The gradual extinction of the worker’s cottage along Lake Erie’s southern shore
This paper documents and describes a building typology that once dotted the shorelines of Lake Erie’s southern shore: the small, seasonal cottage. Known colloquially as the “worker’s cottage”, these modest structures are typically tiny, one-story light-framed buildings, uninsulated, built on piers, with stripped-down interior finishes. This humble spatial typology, which provides the most rudimentary, undressed type of interior spaces for a life that is lived largely outdoors, is found less and less in Ontario’s Niagara Region. As the region experiences an uptick in development, worker’s cottages are being demolished and replaced with vinyl-clad, sprawling, suburban-style homes with double (or triple) garages and the requisite finished basement.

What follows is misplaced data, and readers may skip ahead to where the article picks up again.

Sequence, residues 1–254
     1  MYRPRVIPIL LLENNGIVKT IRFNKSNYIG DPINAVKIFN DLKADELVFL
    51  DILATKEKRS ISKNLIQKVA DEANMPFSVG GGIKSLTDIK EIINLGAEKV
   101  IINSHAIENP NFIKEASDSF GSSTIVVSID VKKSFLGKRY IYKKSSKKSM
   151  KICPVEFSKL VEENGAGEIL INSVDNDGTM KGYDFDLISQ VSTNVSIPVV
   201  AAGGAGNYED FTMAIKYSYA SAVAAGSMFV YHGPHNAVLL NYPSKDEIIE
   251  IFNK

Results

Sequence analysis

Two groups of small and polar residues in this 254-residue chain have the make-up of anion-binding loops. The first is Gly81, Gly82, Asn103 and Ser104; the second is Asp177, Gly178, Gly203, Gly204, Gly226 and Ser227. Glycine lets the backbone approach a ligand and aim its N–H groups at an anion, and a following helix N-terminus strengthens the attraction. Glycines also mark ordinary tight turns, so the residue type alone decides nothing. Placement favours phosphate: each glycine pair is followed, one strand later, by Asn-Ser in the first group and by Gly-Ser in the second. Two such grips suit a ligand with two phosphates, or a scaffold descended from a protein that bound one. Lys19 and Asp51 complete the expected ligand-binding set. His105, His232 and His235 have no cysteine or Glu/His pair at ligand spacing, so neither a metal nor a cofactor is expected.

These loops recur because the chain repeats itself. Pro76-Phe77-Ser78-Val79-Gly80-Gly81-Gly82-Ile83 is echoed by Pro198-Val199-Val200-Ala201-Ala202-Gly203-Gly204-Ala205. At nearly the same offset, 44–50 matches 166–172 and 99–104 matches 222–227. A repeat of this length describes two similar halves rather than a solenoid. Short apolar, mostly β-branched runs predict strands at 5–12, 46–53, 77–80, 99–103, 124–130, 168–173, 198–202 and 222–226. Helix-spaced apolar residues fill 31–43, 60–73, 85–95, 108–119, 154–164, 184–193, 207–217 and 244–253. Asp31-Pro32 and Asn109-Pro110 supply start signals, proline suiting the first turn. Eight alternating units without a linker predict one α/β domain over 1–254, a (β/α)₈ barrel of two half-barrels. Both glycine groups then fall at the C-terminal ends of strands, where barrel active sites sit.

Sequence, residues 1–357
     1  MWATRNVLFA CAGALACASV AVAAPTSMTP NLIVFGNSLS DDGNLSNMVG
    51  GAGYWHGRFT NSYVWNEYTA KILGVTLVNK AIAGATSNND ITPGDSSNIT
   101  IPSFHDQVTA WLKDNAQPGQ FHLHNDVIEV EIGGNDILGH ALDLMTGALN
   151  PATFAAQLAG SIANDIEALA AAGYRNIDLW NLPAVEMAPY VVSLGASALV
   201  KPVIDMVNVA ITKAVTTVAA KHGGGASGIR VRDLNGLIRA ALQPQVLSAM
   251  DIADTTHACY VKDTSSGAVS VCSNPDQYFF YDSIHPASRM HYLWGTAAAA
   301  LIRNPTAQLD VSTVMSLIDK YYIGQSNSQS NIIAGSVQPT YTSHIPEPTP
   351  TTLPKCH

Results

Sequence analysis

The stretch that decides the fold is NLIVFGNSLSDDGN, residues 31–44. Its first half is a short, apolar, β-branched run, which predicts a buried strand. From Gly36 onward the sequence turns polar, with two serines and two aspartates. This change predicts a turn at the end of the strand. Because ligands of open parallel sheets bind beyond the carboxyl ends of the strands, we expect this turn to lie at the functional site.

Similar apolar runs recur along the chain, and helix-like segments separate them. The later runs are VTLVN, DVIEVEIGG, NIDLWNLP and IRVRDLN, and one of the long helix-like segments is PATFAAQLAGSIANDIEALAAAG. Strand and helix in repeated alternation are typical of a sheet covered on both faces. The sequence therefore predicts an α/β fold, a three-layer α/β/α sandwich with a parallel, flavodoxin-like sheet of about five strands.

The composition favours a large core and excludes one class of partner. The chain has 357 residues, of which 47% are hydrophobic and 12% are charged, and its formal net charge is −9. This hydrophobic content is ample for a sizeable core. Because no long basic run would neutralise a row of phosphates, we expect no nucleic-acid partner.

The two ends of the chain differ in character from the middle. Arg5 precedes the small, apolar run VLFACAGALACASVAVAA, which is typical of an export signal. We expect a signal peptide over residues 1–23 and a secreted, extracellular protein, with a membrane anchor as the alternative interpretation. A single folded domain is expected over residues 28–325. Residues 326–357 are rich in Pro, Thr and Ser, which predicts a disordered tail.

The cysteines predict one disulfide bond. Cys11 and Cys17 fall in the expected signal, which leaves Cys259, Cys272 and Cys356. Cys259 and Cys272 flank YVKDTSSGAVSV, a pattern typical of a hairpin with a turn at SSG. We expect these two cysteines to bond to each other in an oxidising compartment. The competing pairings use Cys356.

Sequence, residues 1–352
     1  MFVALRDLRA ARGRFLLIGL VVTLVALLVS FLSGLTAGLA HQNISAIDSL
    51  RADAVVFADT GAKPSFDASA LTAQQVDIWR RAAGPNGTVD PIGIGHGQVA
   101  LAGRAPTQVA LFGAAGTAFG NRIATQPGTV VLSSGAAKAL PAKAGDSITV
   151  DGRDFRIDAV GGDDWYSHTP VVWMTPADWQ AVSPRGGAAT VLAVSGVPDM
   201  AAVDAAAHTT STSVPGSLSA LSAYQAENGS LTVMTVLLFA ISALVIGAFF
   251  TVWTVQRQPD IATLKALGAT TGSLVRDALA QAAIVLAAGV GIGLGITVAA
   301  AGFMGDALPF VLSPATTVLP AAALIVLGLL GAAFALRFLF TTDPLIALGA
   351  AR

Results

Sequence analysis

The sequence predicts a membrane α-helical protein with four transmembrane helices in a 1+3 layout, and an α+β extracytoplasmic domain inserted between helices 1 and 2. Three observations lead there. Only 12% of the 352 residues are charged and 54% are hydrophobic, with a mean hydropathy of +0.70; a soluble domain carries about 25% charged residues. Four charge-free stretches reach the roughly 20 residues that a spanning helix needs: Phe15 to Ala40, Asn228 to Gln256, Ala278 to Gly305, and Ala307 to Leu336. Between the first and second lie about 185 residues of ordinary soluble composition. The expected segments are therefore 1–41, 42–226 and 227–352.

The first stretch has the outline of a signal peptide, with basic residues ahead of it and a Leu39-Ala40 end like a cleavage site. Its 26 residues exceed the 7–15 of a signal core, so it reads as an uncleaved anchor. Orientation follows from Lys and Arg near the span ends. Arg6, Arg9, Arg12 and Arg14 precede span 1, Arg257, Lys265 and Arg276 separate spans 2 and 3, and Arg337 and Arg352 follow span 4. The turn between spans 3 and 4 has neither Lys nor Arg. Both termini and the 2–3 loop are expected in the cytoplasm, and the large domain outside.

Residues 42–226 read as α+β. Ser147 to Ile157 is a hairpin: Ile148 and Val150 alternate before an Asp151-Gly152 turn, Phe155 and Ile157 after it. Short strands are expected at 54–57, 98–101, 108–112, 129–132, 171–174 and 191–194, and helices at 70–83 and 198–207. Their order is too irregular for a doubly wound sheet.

Though old, these cottages haven’t gained the eye of preservationists or architectural tour guide writers. Instead, this humble building typology is quietly going extinct. But in demolishing the small, century-old lakeside cottages, an approach to building and living that can teach us a lot, is being lost. This paper describes the value and relevance of the traditional “worker’s cottage” within contemporary architectural discourse by analyzing it through the lens of sustainable building and resource use, as well as a socio-spatial lens, to highlight how the destruction of these cottages is fundamentally classist and distances communities with modest means from public spaces like beaches along Lake Erie.
The paper will be accompanied by a photographic survey of remaining “worker’s cottages” along Lake Erie’s southern shore.